Better yet, Furey could have used the 24 sitting days of the House of Assembly from September to December 2020to table legislation amending the Elections Act, to give the Chief Electoral Officer clear authority to preserve the integrity of a general election during a pandemic, especially given that the Chief Electoral Officer of Saskatchewan had raised similar concerns in his province earlier in 2020.[2] Furey should also have tabled a bill to repeal section 3.1 outright, thus removing the foolish requirement that there be an election in 2021 altogether. The 49th General Assembly would have lasted until 2023 otherwise.

The press questioned Furey’s decision to trigger an election in January-February 2021 immediately after he delivered that speech.[3] (You might have to turn the sound all the way up and listen with headphones to hear the questions in CPAC’s footage). One journalist asked why Furey did not wait for the upcoming report of Premier’s Economic Recovery Team, led by Dame Moya Greene, which he appointed in October 2020,[4] or why he did wait until later in 2021 to table a budget first, before getting the election under way. Furey replied:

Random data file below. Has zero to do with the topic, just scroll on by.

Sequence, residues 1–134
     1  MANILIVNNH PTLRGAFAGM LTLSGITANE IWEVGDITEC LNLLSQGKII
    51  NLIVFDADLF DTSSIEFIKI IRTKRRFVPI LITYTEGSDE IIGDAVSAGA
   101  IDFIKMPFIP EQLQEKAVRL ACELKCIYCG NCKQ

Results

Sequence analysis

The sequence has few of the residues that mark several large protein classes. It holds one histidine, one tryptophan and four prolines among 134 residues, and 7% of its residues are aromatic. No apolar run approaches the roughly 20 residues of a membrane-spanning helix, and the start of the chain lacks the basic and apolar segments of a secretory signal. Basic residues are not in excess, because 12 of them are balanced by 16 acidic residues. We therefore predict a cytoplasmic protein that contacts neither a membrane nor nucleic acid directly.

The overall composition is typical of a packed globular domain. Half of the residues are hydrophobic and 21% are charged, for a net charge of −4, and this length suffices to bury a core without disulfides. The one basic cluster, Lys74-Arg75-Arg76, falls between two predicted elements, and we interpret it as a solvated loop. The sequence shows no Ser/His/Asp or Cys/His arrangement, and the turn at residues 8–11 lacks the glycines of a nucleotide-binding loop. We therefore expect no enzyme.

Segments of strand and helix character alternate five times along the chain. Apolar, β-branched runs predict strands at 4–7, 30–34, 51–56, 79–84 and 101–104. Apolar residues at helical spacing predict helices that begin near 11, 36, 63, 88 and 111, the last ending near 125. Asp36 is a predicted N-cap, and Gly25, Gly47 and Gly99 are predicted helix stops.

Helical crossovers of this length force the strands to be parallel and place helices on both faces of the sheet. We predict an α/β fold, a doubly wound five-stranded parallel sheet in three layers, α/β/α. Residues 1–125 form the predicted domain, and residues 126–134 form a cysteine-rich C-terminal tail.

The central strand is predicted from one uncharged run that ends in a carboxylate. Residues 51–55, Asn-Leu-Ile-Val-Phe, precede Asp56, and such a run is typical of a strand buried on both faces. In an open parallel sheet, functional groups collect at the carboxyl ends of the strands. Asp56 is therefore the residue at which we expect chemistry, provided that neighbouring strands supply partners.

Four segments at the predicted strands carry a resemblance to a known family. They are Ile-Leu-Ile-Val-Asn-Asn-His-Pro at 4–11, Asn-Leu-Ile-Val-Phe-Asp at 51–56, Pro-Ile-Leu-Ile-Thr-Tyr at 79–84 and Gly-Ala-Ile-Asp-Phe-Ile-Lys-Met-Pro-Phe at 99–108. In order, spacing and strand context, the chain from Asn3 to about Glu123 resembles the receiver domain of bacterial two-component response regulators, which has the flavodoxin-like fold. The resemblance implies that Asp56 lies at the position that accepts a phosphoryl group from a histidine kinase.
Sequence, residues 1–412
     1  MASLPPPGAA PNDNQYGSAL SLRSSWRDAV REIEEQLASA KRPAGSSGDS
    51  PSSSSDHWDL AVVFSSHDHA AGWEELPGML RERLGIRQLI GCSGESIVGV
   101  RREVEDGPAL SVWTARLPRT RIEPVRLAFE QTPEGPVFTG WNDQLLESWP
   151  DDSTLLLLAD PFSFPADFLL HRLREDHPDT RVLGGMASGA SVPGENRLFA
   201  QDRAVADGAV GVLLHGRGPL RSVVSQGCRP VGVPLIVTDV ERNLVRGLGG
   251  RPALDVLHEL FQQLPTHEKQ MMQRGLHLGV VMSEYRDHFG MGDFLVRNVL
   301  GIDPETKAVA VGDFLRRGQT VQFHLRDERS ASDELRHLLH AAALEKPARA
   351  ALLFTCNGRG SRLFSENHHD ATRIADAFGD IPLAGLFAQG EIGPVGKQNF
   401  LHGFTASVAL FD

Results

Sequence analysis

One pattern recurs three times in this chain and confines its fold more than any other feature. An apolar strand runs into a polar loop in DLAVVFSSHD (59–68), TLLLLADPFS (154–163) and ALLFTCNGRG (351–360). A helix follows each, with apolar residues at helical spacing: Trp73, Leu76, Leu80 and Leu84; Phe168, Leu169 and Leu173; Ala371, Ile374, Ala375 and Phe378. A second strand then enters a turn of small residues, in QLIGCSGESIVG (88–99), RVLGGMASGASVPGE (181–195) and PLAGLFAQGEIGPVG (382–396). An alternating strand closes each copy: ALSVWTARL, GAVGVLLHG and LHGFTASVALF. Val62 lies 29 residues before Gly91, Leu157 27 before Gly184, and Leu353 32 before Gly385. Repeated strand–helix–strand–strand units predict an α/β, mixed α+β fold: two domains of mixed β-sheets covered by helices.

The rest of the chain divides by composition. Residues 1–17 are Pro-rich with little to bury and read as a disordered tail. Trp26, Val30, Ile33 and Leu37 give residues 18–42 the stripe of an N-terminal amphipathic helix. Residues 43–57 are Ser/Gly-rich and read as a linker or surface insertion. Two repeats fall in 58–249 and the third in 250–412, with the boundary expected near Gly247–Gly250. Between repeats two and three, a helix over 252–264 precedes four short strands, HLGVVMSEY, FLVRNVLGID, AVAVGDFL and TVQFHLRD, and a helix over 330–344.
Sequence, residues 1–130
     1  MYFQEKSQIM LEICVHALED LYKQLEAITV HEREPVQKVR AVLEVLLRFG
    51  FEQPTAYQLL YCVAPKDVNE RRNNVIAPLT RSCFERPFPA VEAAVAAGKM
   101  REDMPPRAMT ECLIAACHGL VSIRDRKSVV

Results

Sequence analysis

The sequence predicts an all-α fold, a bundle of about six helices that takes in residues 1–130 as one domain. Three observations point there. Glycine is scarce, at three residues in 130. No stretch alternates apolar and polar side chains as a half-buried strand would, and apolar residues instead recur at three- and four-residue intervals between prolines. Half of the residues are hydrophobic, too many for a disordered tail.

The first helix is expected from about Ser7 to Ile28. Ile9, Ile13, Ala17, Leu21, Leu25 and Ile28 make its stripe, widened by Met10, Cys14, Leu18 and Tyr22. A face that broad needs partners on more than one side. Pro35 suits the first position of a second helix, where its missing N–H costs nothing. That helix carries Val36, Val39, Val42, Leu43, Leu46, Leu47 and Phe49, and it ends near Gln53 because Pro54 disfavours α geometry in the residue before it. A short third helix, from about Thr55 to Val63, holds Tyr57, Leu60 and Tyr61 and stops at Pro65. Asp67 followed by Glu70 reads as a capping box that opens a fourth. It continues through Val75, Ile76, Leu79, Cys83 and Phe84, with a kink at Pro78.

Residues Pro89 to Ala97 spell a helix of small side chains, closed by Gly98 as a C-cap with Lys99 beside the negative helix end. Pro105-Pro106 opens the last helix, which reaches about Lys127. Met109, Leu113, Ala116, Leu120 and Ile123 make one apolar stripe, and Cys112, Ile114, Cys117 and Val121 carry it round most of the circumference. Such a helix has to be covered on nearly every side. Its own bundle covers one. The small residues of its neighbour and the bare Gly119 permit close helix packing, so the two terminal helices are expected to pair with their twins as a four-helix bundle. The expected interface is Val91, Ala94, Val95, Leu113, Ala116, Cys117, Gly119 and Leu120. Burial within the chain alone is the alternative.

“I promised that I wouldn’t call an electio before a budget; I didn’t. The recommendations that Moya Green and her taskforce are going to put forward are just those: recommendations. They will receive a thorough public consultation where everyone will have a chance to have a say, and then we will table that final report in the House of Assembly.”

Here, Furey was referring to the budget tabled in 2020 (not what the reporter had in mind) tabled in September 2020.[5]

Furey continued, “There will always be a reason not to have an election, but right now following the law, which I always said I would and have an election in 2021, and I think that now’s the best time.” Furey seemed confident that nothing could go wrong during this election campaign and that COVID would not flare up. He pointed out in response to another question:

“[The campaign] will be different, there’s no question, but we’ve seen that this has been done in three other provinces – three other provinces have had a general election [during the pandemic], mind you with numbers [of persons infected with COVID-19] far greater than we have – but we’ll still continue to run it with the COVID restrictions that public health has laid out, and we’ll follow those. And it will be different, there’s no question about it, but we can do it safely. And the democratic process will continue, just as normal life has continued in this pandemic.”